What do editors think of authors who try to draw extra attention to their manuscripts through something other than good writing? They certainly have opinions; reading unsolicited submissions is a big chunk of the job for many editorial staffers. Since you don't know the person who will open your envelope or what kind of mood they will be in, you have no way to gauge what will grab their interest and what will turn them off.

Gordon Van Gelder, Editor and Publisher of Fantasy and Science Fiction magazine, receives piles of story submissions every month. Before he took on the additional duties of publisher, he used to read every single one. Those who sought to sell him on their concept through fancy cover letters were out of luck: "After a while, I stopped even looking at the cover letters until afterward." If the story wasn't of interest for his magazine, the letters went unread.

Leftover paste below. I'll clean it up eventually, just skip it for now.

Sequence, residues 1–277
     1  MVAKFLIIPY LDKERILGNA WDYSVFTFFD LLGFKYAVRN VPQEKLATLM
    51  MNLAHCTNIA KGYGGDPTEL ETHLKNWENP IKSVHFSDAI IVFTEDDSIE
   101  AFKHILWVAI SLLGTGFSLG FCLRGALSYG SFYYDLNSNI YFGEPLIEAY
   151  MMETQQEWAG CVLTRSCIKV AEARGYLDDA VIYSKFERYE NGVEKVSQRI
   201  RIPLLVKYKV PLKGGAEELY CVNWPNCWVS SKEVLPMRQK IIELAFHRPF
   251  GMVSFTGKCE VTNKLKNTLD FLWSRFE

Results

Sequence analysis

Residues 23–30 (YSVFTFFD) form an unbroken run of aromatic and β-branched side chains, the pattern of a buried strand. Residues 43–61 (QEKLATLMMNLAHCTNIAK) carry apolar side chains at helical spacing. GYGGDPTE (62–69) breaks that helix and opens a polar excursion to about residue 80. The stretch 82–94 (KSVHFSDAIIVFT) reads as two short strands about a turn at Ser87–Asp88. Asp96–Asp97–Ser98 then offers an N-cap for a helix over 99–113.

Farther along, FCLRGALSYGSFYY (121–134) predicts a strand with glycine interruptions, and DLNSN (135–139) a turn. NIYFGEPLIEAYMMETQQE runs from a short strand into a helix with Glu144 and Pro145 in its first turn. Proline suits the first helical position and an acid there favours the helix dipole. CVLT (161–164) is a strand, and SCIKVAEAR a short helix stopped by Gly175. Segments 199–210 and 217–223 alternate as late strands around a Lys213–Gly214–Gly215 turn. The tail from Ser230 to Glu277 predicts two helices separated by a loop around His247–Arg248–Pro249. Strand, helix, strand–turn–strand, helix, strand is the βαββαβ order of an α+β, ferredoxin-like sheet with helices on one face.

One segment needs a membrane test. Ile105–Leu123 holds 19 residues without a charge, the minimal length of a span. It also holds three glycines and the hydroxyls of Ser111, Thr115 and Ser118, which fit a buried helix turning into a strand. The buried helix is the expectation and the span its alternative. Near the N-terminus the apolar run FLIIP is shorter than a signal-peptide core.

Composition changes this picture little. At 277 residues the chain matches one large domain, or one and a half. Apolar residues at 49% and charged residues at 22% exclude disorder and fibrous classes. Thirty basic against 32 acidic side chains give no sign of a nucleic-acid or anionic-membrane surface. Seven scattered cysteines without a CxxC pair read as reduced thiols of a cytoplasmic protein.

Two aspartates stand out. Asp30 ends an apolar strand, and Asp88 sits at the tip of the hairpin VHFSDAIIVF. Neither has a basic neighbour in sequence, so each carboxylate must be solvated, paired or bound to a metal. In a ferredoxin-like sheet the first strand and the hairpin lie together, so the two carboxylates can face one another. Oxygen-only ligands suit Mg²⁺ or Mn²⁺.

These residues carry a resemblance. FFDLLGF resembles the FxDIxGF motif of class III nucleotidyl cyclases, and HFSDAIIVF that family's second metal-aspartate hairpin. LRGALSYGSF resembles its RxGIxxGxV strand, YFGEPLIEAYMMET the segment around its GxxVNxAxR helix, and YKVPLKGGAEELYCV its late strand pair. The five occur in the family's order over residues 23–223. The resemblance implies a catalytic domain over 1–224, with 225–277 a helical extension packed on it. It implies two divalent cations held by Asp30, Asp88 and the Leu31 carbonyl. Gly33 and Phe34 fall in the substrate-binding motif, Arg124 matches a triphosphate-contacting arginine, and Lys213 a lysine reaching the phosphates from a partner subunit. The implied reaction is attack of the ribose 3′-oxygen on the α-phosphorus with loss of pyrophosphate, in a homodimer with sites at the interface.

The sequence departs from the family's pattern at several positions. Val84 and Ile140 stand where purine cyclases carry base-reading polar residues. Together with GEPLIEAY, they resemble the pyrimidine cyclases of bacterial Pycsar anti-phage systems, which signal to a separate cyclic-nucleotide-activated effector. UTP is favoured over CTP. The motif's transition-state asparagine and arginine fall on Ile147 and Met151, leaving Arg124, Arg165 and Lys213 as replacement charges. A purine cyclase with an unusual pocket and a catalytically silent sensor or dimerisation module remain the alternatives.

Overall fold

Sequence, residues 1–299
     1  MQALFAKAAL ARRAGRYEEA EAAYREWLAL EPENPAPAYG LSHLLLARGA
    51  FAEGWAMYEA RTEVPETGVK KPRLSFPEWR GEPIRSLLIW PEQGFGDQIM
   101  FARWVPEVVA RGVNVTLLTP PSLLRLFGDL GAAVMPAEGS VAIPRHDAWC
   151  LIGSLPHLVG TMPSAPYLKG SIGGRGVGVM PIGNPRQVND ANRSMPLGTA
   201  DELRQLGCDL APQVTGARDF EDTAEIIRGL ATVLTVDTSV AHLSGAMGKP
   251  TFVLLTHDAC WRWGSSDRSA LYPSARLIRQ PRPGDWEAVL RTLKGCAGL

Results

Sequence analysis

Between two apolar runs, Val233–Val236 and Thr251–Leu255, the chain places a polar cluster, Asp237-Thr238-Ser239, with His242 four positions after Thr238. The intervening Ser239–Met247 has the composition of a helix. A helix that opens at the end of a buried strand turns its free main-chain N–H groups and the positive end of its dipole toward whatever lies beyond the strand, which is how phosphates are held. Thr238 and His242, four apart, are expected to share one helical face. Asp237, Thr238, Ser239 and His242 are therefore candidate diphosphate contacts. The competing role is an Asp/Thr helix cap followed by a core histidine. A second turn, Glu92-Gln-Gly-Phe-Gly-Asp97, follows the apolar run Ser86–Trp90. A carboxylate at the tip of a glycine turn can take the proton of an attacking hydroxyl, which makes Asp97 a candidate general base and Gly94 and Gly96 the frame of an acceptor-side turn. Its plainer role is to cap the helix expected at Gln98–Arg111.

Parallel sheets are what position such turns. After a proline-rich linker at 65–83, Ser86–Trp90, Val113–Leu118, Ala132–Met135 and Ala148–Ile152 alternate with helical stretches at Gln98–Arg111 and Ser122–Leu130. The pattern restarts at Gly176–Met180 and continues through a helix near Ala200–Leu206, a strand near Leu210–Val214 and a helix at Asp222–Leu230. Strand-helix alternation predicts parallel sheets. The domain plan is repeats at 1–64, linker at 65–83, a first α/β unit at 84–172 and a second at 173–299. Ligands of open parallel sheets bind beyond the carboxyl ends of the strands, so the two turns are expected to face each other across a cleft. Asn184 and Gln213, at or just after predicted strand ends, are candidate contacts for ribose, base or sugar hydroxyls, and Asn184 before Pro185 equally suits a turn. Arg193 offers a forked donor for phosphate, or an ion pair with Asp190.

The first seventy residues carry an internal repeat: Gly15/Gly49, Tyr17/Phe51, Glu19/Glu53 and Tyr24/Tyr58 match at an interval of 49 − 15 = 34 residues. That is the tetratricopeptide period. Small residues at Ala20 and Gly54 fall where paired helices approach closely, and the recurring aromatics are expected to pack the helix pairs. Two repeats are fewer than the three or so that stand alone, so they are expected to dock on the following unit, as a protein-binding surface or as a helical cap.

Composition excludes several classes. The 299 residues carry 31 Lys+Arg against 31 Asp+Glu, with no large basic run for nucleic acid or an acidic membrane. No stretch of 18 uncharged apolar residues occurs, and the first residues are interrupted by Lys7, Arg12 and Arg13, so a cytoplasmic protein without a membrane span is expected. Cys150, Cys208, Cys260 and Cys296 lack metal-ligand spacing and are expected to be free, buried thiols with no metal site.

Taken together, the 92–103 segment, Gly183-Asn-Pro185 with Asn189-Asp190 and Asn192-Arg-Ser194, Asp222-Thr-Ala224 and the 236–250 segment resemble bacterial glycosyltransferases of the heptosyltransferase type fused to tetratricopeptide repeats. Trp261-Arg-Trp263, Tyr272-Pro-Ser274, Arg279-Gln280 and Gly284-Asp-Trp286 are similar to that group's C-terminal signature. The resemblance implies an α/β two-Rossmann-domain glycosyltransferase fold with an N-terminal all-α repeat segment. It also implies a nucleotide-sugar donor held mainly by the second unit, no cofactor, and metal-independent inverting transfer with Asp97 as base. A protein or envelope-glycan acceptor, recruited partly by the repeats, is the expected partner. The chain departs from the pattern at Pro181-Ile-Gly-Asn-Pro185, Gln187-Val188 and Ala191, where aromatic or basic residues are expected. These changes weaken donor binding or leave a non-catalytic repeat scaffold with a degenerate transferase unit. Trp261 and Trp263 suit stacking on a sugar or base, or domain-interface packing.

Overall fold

Sometimes loyal readers of a magazine will try to learn an editor's personal hobbies and send trinkets that reflect this "inside information." "When I first started at F&SF," Van Gelder says, "someone found out that I keep a pet hamster and sent gnaw sticks, but that kind of thing gets tired fast." A Colorado writer used a paper clip in the form of a dragon's face, and Van Gelder "wrote back and mentioned that I loved the paperclip. It brightened up the submission pile that day. Well, it turned out she was in a writing workshop and she told them the way to get my attention was to send a wacky paperclip, so for months I was receiving bizarre clips of all sorts from Colorado. They didn't make me judge the stories differently."

While such little touches might be amusing to an editor, some others are more poorly conceived. In an interview for the Writers Guild of America web site, Coast to Coast Talent Agency's senior literary agent Anne McDermott said, "One writer sent me a plastic finger with theatrical blood in a baggie and wrote, 'Read my script or the whole body will come next.' I opened it as I was pitching a script and screamed. Then I put the sender's name on my wall and wrote 'Never accept anything from this writer again.'"